The Nilachal type is a type of Hindu temple architecture in Assam, India, that is characterized by a bulbous polygonal dome over a cruciform ratha type bada. This hybrid style developed first in the Kamakhya temple on the Nilachal hills under the Koch kingdom and became popular as a style later under the Ahom kingdom.
The Koch king Viswasingha restarted worship at the ruins of the Kamakhya temple, and his son, Naranarayana decided to reconstruct the temple from the existing material lying scattered. He sent artisans and craftsmen under an army general named Meghamukdam. After two failed attempts at restoring the stone shikhara, Meghamukdam decided to take recourse to brick masonry and created the current dome. Made by craftsmen and architects more familiar with Islamic architecture of Bengal, the dome became bulbous and hemispherical which was ringed by minaret-inspired angashikharas.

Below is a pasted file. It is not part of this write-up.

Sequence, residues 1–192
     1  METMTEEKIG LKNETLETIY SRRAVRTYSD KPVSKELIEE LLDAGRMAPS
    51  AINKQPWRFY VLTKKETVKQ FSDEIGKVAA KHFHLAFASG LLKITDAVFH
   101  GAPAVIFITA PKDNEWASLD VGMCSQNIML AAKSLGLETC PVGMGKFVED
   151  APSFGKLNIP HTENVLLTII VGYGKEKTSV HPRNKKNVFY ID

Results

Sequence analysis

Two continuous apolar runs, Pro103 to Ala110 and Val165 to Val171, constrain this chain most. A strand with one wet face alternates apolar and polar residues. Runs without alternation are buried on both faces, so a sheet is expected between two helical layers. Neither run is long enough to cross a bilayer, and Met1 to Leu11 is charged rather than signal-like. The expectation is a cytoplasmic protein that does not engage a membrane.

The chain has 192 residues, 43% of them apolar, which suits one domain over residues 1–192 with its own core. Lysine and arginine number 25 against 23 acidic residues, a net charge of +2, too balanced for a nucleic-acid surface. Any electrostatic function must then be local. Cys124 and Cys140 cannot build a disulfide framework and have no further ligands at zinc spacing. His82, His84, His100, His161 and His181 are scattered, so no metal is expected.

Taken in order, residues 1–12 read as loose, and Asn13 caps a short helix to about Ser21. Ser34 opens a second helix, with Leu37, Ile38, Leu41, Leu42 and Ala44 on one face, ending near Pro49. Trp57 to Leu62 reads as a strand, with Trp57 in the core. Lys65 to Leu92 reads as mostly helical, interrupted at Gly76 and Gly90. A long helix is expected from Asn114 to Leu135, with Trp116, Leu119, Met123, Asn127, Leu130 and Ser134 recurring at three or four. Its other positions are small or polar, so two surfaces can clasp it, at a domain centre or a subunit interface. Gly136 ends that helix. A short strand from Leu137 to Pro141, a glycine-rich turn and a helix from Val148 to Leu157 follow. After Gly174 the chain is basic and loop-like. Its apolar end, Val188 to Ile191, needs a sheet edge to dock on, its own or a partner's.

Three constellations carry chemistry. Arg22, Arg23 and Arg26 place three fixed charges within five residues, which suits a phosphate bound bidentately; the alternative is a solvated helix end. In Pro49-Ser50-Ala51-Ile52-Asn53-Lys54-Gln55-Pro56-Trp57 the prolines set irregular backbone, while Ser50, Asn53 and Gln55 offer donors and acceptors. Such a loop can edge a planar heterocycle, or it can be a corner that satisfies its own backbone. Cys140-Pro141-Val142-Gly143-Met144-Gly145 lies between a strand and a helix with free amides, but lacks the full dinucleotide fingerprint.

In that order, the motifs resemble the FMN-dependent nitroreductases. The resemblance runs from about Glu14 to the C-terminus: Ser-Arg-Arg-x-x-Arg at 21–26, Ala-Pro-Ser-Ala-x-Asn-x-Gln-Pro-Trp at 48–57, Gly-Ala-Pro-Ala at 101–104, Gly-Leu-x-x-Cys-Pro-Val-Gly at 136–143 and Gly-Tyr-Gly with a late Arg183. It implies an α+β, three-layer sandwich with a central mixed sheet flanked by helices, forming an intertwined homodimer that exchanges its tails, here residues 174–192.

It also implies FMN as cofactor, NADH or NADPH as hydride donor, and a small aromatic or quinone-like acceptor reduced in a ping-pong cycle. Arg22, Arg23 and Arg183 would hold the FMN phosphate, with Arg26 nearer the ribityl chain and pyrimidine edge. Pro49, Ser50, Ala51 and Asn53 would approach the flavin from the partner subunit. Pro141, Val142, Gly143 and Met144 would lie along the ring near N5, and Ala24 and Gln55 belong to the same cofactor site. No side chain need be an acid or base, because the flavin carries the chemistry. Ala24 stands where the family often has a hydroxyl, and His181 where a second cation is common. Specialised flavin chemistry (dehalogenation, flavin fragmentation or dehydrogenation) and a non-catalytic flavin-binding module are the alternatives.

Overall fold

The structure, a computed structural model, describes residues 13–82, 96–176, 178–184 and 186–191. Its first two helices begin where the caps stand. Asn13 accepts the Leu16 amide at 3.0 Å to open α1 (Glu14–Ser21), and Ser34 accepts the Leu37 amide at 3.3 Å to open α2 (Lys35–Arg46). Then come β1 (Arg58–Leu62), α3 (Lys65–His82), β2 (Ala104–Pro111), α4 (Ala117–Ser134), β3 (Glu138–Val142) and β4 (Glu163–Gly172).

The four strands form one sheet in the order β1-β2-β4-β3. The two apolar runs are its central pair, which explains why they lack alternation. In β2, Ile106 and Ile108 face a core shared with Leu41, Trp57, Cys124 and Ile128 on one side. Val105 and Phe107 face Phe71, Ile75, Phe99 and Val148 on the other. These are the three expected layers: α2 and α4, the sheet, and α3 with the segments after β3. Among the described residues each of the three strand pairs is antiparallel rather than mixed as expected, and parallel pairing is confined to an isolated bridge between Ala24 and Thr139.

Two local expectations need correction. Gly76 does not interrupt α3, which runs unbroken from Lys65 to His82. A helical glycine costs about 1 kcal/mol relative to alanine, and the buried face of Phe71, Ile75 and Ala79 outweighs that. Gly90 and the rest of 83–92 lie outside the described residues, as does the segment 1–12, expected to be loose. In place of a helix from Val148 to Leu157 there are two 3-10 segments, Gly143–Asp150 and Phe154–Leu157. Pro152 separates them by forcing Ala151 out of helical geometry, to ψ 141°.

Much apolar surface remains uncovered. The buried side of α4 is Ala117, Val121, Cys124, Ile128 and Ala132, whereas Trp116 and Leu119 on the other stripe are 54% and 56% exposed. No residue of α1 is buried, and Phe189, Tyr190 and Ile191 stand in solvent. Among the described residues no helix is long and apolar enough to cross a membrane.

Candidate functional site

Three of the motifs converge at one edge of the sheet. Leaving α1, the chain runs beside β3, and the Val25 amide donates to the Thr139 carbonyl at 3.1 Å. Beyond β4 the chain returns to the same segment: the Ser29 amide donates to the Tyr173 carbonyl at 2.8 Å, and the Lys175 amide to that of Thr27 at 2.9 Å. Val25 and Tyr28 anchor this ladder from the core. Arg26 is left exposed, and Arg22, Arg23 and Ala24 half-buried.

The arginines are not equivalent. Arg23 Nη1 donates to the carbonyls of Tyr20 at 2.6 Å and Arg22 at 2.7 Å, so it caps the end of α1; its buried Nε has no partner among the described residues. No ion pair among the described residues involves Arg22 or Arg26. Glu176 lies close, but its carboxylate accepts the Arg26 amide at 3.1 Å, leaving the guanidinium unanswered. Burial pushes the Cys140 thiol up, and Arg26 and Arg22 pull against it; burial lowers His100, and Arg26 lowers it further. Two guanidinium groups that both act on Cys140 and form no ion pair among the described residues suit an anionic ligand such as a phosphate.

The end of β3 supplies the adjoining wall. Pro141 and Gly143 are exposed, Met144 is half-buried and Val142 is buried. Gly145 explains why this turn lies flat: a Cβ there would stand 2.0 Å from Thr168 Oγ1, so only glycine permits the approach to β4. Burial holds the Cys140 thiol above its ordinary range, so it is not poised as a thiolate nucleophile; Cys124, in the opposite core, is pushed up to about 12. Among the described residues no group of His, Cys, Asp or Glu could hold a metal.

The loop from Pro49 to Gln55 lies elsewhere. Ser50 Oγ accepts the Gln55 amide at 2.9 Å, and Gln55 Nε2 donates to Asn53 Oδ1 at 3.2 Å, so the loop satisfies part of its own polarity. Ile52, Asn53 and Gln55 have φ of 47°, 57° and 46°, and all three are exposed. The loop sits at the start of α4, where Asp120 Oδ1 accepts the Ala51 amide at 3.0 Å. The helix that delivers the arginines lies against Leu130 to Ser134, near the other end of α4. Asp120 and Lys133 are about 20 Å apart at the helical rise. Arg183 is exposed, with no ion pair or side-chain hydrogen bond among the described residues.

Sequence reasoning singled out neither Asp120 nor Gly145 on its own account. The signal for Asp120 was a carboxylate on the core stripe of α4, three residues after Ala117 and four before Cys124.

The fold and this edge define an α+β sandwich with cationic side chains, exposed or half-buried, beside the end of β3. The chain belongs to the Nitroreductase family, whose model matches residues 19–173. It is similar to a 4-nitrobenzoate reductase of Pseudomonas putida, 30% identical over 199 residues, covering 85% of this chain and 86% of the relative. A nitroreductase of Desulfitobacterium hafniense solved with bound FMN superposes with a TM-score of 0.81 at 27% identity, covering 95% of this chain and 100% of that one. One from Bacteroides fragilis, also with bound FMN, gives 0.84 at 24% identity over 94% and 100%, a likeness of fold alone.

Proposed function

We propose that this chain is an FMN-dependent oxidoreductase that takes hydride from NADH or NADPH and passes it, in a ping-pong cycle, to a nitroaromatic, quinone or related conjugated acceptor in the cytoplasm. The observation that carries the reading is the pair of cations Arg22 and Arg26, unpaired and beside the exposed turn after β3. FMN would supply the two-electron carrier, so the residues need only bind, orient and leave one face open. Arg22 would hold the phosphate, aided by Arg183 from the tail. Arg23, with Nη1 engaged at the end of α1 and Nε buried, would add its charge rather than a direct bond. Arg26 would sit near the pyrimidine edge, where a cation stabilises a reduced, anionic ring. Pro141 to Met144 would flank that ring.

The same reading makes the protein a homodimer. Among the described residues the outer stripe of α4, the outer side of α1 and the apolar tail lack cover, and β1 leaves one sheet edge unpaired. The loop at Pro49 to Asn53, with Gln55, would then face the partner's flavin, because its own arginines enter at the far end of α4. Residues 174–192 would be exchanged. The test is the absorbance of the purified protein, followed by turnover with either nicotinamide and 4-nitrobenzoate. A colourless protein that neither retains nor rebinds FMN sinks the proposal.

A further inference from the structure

- Kamakhya temple
- Jai Dol
- Siddhesvara temple, Sualkuchi
- Sarma, P. C. (1988). Architecture of Assam. Delhi: Agam Kala Prakashan.